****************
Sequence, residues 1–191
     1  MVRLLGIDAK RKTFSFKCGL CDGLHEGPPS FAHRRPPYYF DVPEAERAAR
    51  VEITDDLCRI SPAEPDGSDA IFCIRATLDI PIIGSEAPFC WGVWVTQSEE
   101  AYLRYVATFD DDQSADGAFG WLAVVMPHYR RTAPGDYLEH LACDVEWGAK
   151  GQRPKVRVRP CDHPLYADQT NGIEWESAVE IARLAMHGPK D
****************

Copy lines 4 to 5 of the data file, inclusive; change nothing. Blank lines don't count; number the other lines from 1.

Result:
   101  AYLRYVATFD DDQSADGAFG WLAVVMPHYR RTAPGDYLEH LACDVEWGAK
   151  GQRPKVRVRP CDHPLYADQT NGIEWESAVE IARLAMHGPK D